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Developments in the region and abroad


Police uncover clues into slaying of Lankan intelligence officer
COLOMBO, Oct 31 (AP): Investigations have uncovered several key clues into the killing of a top intelligence officer by suspected Tamil Tiger rebels, Sri Lanka's police chief said Monday.
Lt. Col. Rizwi Meedin, was shot dead late Saturday near his home just outside the capital, Colombo. He was the most senior intelligence officer slain since Norway brokered a cease-fire between the Sri Lankan government and the rebels in 2002.
"The investigation is so far very successful," said Chandra Fernando, inspector general of police.
He said police were able to uncover several "key clues," from the crime scene, but declined to elaborate, saying it may hinder the probe.
"It is the LTTE, no one else," Fernando said, using the acronym for the Tigers' formal name: Liberation Tigers of Tamil Eelam.
Meedin, who had previously been involved in investigating the Tigers, had received death threats from the rebels.
Oil futures inch up on winter supply scares
SINGAPORE (AP): Crude prices rose slightly Monday amid continued concerns that increasing winter heating oil and natural gas demand during winter in the Northern Hemisphere will put a strain on storm-ravaged oil facilities in the Gulf of Mexico.
Light, sweet crude for December delivery inched up eight cents to US$61.30 a barrel in Asian electronic trading on the New York Mercantile Exchange. The contract on Friday rose 13 cents to settle at US$61.22.
Heating oil fell by 0.35 cents to US$1.8400 a gallon (3.8 liters) while gasoline lost 0.67 cents to US$1.6175. Natural gas declined 25.6 cents to US$12.799 per 1,000 cubic feet.
Oil and gas facilities in the U.S. Gulf showed little improvement on Friday, suggesting that recovery from back-to-back hurricanes is going slower than expected.
Japan's central bank suggests it may end easy monetary policy next fiscal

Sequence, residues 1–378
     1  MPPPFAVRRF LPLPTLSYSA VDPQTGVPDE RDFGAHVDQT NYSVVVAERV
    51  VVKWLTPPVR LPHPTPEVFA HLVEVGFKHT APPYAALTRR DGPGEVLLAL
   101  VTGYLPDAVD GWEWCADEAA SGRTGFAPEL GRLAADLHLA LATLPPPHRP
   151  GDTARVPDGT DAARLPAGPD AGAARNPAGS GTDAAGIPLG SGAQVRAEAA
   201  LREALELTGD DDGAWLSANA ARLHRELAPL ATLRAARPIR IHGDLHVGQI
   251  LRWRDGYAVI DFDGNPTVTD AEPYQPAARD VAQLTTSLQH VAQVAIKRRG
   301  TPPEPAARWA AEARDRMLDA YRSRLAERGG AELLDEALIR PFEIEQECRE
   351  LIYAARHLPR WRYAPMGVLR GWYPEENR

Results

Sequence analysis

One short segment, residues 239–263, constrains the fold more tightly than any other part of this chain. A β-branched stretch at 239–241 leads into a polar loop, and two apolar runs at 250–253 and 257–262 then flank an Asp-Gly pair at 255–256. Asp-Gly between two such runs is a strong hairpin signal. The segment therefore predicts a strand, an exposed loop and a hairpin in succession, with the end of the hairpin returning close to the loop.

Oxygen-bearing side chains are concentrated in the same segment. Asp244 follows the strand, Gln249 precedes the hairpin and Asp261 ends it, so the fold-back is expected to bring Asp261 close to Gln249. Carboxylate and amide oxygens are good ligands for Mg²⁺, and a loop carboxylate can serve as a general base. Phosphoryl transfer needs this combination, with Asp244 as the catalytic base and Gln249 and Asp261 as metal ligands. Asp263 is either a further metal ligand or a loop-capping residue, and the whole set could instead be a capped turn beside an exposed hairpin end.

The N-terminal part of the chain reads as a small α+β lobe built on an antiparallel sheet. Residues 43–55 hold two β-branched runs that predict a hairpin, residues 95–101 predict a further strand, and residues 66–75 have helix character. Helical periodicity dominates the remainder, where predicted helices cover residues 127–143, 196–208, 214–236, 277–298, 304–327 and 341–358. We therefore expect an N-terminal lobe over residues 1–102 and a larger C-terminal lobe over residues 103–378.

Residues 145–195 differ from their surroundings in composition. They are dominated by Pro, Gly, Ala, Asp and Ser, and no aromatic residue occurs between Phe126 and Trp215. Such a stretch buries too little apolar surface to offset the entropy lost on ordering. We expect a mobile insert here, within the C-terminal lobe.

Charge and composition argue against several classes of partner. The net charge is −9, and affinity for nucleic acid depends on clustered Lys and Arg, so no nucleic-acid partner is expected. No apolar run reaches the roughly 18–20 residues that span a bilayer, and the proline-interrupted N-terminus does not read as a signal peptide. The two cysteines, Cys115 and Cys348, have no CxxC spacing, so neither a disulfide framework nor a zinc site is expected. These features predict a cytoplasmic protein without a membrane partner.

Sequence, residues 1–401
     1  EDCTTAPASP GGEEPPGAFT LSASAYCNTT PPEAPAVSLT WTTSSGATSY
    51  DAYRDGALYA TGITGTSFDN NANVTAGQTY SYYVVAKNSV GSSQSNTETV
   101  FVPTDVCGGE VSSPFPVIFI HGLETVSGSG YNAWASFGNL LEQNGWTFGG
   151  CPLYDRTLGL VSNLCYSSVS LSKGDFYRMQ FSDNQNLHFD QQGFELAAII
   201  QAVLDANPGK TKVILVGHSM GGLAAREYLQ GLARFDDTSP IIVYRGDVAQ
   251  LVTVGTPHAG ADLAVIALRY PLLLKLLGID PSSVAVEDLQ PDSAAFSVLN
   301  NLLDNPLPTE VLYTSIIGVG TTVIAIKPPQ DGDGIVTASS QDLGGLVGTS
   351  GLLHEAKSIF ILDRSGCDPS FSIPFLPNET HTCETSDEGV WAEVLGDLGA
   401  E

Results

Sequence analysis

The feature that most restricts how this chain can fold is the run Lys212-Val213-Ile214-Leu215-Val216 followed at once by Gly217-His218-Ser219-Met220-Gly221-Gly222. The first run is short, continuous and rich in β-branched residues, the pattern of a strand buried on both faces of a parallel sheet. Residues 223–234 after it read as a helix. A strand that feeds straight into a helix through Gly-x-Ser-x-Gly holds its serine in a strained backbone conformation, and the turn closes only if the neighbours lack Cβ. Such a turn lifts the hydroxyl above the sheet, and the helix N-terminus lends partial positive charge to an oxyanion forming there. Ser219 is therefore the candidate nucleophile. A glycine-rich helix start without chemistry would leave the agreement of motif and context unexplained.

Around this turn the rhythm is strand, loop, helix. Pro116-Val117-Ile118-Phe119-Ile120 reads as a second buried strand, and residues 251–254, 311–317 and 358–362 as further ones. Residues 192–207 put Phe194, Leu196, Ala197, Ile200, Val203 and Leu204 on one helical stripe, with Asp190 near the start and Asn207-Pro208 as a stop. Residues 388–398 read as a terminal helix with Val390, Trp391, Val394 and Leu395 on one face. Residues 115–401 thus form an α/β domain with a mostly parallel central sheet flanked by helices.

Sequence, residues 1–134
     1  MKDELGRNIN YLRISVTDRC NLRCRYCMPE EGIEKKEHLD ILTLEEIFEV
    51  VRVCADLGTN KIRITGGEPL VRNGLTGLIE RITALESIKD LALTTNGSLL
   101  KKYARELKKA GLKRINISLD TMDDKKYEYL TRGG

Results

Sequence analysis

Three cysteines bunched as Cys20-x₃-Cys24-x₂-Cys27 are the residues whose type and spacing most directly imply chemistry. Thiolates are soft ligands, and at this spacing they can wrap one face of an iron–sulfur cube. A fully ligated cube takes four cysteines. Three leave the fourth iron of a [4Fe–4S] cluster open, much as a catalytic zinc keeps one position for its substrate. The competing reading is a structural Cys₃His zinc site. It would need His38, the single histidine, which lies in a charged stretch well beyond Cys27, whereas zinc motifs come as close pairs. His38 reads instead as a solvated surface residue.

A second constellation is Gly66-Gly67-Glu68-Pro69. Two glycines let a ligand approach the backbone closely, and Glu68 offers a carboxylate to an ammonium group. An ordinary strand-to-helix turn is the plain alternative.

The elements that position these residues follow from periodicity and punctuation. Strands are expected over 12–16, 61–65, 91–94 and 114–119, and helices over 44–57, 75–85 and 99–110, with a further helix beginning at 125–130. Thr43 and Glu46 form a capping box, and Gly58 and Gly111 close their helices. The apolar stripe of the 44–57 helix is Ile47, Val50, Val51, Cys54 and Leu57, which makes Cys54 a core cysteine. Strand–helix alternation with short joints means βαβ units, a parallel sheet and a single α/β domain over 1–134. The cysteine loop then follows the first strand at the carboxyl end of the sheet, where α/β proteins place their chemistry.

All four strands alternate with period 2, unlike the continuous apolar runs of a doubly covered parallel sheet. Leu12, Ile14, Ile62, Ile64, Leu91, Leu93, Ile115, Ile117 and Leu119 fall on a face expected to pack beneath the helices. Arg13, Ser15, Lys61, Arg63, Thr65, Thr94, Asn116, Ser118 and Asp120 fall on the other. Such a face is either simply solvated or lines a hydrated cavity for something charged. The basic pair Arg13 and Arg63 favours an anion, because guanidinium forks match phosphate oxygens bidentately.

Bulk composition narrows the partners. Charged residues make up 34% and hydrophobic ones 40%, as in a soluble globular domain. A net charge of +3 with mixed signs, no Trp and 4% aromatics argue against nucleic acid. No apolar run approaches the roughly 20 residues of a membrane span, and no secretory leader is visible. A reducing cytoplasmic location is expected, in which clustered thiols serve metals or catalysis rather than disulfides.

TOKYO (AP): Japan's central bank said Monday that it may end its easy monetary policy next fiscal year, which begins in April, as price drops abate and the economy continues to rebound.
Speculation has been growing that the bank may shift gears in its policy soon because of multiple signs of sustainable economic recovery after nearly 15 years of little or no growth.
"The possibility of a departure from the present monetary policy framework is likely to increase over the course of fiscal 2006," board members said in a monthly report.
But it also said it was not in any hurry to change its monetary policy.
Earlier in the day, the Bank of Japan kept its monetary policy unchanged, leaving its target range for liquidity, which it measures through commercial banks' account balances at the central bank, in a range of 30 trillion yen (US$259 billion; euro215 billion) to 35 trillion yen (US$303 billion; euro251 billion). It also kept its monthly purchases of government bonds at 1.2 trillion yen ($10 billion; euro8.6 billion).
Five killed as man detonates grenades in China
BEIJING (AFP): A police chief and four others were killed when an armed robbery suspect detonated two hand grenades as police tried to arrest him in southern China's Hainan province, state press said Monday.
Six others, including two policemen, were injured in the Saturday night blast in Mutang Township, the Hainan Daily said.
The bomber, identified as He Dengtian, also died in the explosion, while a third grenade failed to detonate, it said.
Among the dead was Li Juerong, police chief of the Wangwu precinct in Zhanzhou city.
Police in Zhanzhou were tipped off about He's whereabouts and dispatched Li to detain him.
China's Hu begins three-day Vietnam visit
HANOI (AFP): Chinese President Hu Jintao arrived in Vietnam on Monday for a three-day visit aimed at shoring up ties between the Communist former rivals and countering growing US influence in Hanoi.
The two countries, historical enemies that fought a brief war in 1979 and only normalised ties in 1991, have gradually been putting behind territorial disputes in order to pursue more friendly relations.
Zanzibar's opposition leader declares his party in the lead based on early results
ZANZIBAR (AP): Zanzibar's opposition leader declared Monday that his party held an early lead in a crucial election that turned violent with police and ruling party militia engaging in running battles with opponents through the streets of this semiautonomous archipelago's main town.